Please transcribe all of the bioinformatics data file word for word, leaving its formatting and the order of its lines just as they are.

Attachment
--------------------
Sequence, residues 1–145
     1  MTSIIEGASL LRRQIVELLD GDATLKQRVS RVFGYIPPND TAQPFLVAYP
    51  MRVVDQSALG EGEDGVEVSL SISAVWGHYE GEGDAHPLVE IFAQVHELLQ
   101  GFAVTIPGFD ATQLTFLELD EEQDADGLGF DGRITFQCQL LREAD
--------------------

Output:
Sequence, residues 1–145
     1  MTSIIEGASL LRRQIVELLD GDATLKQRVS RVFGYIPPND TAQPFLVAYP
    51  MRVVDQSALG EGEDGVEVSL SISAVWGHYE GEGDAHPLVE IFAQVHELLQ
   101  GFAVTIPGFD ATQLTFLELD EEQDADGLGF DGRITFQCQL LREAD